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Pakistan’s GIDS considers developing MALE UAV
September 22, 2018

Pakistan’s GIDS considers developing MALE UAV

Global Industrial & Defence Solutions (GIDS)’ director of sales and marketing, Asad Kamal, told IHS Jane’s that the company is working on upgrading its Shahpar unmanned aerial vehicle (UAV) and examining the notion of developing a new medium-altitude long-endurance (MALE) UAV.

As per Kamal, the upgraded GIDS Shahpur is being positioned to supplant Pakistan’s tactical intelligence, surveillance and reconnaissance (ISR) UAVs, namely the Leonardo Falco and EMT LUNA.

IHS Jane’s states that the Shahpur can carry 50 kg in ISR equipment, such as an electro-optical and infrared (EO/IR) pod. It has an endurance of seven hours and a line-of-sight radio data-link range of 250 km. The UAV “features a canard and swept-wing configuration with a pusher propeller, a belly-mounted gimballed payload, and a tricycle undercarriage.”

Kamal added that GIDS is examining the prospect of developing a MALE UAV. GIDS is currently waiting for information from the armed forces before placing the program in motion, but the company is intent on elevating Pakistan’s competency in UAV development and manufacturing.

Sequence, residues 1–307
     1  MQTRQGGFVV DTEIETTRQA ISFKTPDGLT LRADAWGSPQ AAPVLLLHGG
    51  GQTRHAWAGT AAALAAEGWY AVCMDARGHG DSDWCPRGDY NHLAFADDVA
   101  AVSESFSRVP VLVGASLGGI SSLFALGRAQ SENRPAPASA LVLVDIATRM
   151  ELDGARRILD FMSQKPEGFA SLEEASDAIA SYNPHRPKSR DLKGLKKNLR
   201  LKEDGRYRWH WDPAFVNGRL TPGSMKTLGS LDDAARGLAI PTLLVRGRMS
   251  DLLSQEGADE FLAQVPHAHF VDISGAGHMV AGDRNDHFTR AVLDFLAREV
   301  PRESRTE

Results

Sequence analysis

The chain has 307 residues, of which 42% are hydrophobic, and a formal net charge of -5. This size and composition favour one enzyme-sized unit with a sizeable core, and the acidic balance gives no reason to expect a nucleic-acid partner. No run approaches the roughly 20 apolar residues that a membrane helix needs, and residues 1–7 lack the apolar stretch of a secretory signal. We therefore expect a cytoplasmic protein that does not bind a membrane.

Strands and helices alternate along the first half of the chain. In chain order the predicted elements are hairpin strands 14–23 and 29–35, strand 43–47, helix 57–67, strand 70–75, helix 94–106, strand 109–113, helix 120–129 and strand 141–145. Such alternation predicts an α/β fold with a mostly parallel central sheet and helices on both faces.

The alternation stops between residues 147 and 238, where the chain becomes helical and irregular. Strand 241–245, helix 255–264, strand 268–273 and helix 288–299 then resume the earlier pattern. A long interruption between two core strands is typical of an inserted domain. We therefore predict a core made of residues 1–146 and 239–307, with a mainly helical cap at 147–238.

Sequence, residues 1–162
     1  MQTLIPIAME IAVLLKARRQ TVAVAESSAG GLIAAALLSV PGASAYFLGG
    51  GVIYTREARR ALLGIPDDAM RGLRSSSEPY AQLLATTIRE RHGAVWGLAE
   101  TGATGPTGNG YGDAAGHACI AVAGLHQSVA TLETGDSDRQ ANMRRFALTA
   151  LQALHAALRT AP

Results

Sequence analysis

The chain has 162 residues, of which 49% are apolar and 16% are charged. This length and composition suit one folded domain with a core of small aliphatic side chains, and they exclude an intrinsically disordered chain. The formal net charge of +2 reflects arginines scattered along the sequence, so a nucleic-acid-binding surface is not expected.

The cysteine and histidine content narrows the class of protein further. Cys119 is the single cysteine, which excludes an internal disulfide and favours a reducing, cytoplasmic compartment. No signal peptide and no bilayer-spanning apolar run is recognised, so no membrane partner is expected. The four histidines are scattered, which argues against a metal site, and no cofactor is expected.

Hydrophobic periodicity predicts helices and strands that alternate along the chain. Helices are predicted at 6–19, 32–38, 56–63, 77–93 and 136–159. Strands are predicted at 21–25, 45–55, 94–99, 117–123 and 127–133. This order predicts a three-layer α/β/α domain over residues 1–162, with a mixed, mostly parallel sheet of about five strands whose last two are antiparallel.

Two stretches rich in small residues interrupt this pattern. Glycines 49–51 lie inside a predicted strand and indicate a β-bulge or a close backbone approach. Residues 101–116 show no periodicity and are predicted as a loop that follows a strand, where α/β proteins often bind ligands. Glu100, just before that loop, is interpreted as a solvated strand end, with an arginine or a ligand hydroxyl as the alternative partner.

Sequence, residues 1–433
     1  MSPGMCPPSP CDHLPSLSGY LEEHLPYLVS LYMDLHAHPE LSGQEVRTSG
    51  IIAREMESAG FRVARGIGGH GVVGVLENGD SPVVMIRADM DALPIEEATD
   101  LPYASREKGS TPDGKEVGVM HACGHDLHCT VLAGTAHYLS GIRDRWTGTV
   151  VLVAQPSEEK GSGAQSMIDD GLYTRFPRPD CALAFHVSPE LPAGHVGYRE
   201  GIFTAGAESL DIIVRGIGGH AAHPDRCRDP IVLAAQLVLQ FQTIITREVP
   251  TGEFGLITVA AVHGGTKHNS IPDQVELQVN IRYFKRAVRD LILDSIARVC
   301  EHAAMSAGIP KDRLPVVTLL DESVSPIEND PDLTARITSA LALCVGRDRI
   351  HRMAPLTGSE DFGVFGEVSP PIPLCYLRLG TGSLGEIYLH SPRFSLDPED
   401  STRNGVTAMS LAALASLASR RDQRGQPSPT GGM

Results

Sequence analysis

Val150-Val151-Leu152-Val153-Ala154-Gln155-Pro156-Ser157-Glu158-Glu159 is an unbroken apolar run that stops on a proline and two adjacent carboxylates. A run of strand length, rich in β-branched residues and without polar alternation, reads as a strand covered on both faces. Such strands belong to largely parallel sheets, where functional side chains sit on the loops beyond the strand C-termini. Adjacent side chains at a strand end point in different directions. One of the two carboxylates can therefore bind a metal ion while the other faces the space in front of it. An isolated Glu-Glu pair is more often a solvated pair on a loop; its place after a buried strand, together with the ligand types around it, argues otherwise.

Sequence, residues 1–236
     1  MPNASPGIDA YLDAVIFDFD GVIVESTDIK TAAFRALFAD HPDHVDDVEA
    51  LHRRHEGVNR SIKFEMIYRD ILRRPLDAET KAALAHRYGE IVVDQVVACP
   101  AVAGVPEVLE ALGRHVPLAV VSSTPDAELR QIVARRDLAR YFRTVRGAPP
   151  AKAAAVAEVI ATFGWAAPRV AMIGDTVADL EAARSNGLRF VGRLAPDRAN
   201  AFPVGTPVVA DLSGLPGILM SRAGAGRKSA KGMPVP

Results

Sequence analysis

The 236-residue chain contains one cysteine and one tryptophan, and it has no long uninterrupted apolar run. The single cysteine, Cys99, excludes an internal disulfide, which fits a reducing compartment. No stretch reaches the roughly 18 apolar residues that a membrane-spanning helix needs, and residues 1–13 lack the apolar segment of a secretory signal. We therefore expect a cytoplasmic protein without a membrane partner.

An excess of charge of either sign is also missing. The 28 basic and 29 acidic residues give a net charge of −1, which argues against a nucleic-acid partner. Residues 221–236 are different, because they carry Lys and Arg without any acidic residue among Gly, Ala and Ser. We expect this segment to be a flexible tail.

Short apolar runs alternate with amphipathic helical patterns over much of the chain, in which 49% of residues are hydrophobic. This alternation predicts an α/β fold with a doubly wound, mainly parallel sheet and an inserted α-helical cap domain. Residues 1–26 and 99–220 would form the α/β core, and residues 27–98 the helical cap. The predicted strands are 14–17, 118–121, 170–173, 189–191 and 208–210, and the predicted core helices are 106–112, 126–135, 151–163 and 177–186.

Although Pakistan operates several tactical UAV systems, such as the National Engineering and Scientific Commission (NESCOM) Burraq armed drone, MALE UAV platforms such as the China Aerospace Science and Technology Corporation (CASC) CH-5 would be a logical next step. In fact, the Pakistani military was examining the Chengdu Aircraft Industry Group (CAIG) Wing Loong in June 2016.

Notes & Comments:

The development of a MALE UAV would be a significant step. Although MALE UAVs vary in capability, with designs ranging from the tactically-focused CH-4 to the 60-hour capable of CH-5, indigenous development could require at least a decade. For example, the Turkish Aerospace Industries (TAI) Anka was initiated in 2004, with its maiden flight in 2010, and service entry as recently as 2016.

Second, GIDS would require an anchor in launch orders – and investment – from the Pakistani military to make an indigenous MALE UAV sustainable. If the Pakistani military requires MALE UAVs in the near-term, it will likely procure an off-the-shelf system.

However, as not all MALE UAVs are the same, especially in terms of endurance and payload, the armed forces could define separate requirements. Where the Army, Navy and/or Air Force could defer to CASC for a long-haul option (e.g. CH-5), the armed forces could task GIDS to develop a smaller attack UAV (akin to the CH-4 or Anka). Development overhead can also be distributed if GIDS collaborates with Pakistan Aeronautical Complex (PAC), Integrated Dynamics and/or a foreign company, such as TAI or Denel Group.